Download our new guide: A Fair and Sustainable Food System, which outlines Australia’s fast growing sustainable food movement and provides guidance for funders.
Farming has historically underpinned Australia’s wealth. Our post-war economy was said to be ‘riding on the sheep’s back’ thanks to the enormous contribution of the wool industry.
Damaging farming practices
But the impact of agriculture on our land and water has been profound. Australian farming practices have caused extensive damage to soil, water and biodiversity. The challenge for us is to produce the food and fibre we need with the smallest ecological footprint, so that productive agriculture is integrated into nature as a whole.
Australian agriculture has developed in an environment of low natural soil fertility, limited water, and a highly variable climate – and has overcome these with innovation and world-leading agricultural science.
Agriculture’s effect on ecosystems
Growing crops and pasture continues to displace native ecosystems, compounding the effects of the past. Irrigated agriculture in particular has profound impact on rivers, flood plains and groundwater, taking too much water out and reducing water quality.
Many Australian soils are old in geological time, highly weathered and leached, and are less resilient to change than the younger soils of Europe and North America. Their capacity to absorb impacts and return to equilibrium has been compromised by the nature and scale of agriculture in Australia.
Many of the soil health problems in Australia today have their origins in the 100 years after 1850 when the rate of land clearing accelerated on the back of a boom in sheep farming. The decline in soil condition during these years was extreme – severe wind and water erosion, soil salinity, extensive organic matter loss and nutrient depletion occurred across large areas of Australia. Fragile soils were cleared of vegetation and land-management practices were crude. Our current problems are a result of and are compounded by this legacy.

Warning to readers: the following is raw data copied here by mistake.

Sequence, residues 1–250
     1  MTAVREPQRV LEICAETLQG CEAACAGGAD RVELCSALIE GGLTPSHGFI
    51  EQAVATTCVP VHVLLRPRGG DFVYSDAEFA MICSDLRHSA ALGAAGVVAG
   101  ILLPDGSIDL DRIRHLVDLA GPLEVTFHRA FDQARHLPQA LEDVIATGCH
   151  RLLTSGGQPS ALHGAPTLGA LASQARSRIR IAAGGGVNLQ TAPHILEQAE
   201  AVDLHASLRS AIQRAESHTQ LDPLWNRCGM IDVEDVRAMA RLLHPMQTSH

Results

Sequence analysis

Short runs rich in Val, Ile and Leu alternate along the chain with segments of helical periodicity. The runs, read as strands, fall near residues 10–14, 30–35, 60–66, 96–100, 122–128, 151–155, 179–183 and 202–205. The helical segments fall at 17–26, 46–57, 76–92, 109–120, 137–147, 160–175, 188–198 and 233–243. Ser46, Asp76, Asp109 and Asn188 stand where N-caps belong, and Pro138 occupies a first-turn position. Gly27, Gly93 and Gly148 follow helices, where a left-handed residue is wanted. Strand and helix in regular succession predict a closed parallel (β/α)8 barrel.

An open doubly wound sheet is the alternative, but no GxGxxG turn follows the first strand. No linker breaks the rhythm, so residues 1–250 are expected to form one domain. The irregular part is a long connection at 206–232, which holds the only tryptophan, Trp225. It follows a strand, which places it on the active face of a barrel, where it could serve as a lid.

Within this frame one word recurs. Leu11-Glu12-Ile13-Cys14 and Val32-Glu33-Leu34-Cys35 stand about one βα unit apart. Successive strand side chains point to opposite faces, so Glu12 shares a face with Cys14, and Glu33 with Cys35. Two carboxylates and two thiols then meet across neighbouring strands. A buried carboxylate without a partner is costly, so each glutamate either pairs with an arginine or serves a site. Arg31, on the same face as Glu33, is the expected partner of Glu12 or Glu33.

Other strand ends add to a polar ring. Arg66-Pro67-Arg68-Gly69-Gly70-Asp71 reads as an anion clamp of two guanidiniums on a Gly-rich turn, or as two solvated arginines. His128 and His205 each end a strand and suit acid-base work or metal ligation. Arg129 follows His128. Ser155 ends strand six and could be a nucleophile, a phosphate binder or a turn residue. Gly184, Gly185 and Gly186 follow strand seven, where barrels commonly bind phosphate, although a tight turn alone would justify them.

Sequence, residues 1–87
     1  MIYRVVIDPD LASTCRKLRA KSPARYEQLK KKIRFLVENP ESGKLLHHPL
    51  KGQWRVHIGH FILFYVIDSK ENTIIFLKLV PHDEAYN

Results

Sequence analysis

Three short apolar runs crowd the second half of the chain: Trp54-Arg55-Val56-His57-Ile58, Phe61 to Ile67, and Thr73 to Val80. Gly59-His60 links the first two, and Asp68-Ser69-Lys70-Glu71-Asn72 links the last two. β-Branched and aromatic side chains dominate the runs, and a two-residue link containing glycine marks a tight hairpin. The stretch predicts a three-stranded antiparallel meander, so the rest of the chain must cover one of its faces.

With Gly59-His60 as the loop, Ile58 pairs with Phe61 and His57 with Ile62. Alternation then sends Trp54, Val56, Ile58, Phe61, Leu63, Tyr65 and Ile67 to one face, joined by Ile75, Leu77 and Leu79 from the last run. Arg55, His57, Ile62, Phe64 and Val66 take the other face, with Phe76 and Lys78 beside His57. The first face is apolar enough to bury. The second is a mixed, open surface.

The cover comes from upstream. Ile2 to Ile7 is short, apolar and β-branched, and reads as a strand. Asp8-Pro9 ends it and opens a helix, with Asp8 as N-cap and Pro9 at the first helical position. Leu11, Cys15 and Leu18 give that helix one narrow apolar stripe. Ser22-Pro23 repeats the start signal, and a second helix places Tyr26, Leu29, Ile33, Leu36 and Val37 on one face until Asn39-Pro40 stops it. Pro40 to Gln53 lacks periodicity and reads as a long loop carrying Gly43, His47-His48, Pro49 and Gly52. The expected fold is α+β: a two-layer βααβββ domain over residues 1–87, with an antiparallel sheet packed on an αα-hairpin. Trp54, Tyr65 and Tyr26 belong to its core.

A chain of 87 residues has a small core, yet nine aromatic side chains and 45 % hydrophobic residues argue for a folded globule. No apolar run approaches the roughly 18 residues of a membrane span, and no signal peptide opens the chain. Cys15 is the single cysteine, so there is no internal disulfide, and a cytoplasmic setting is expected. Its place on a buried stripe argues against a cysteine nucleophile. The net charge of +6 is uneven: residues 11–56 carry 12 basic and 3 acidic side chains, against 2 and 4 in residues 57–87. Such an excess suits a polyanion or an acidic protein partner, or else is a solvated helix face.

Our challenge for the future
While Australian agriculture has greatly improved, our urgent task is to develop farming systems that work as interactive parts of natural ecosystems and recognise that the environmental costs of land use are not confined to property boundaries. Integrated catchment management is a relatively new paradigm of natural resource management in Australia that takes this into account and offers much hope.
The task for our agricultural scientists, ecologists, water managers, farmers and the community more broadly is to work together to devise productive farming that also benefits wildlife and biodiversity and conserves or even enhances soil and water.
Providing food is the single largest human activity on the planet, occupying over 40% of Earth’s capacity. Building a sustainable food system is essential to a healthy biosphere.
How can we continue to produce the food and fibre we need with the smallest footprint possible?
We need to:
- plan farms to suit drier climates
- pay for ecosystem services including developing new markets for ecosystem management
- remove hidden subsidies so that the true cost of food is passed onto consumers
- adopt a catchment or landscape approach rather than a paddock approach to farm planning
- build new industries such as carbon trading
- establish biodiverse production landscapes
- unlock the tools of change for farmers so that landscape-relevant information is readily accessible.
Need help deciding what to fund?
The AEGN Sustainable Agriculture and Food Systems Grantmaking Framework helps to make your funding decisions as effective and strategic as possible. The Grantmaking Framework breaks the issue of climate change and energy down into a number of sub-categories. You can choose the sub-category that inspires you the most and concentrate your funding in this area.
Looking for more information?
Download our Giving Green Briefing Note – Sustainable agriculture (PDF), which tackles the issue in more depth. To receive a hard copy, email email@example.com.
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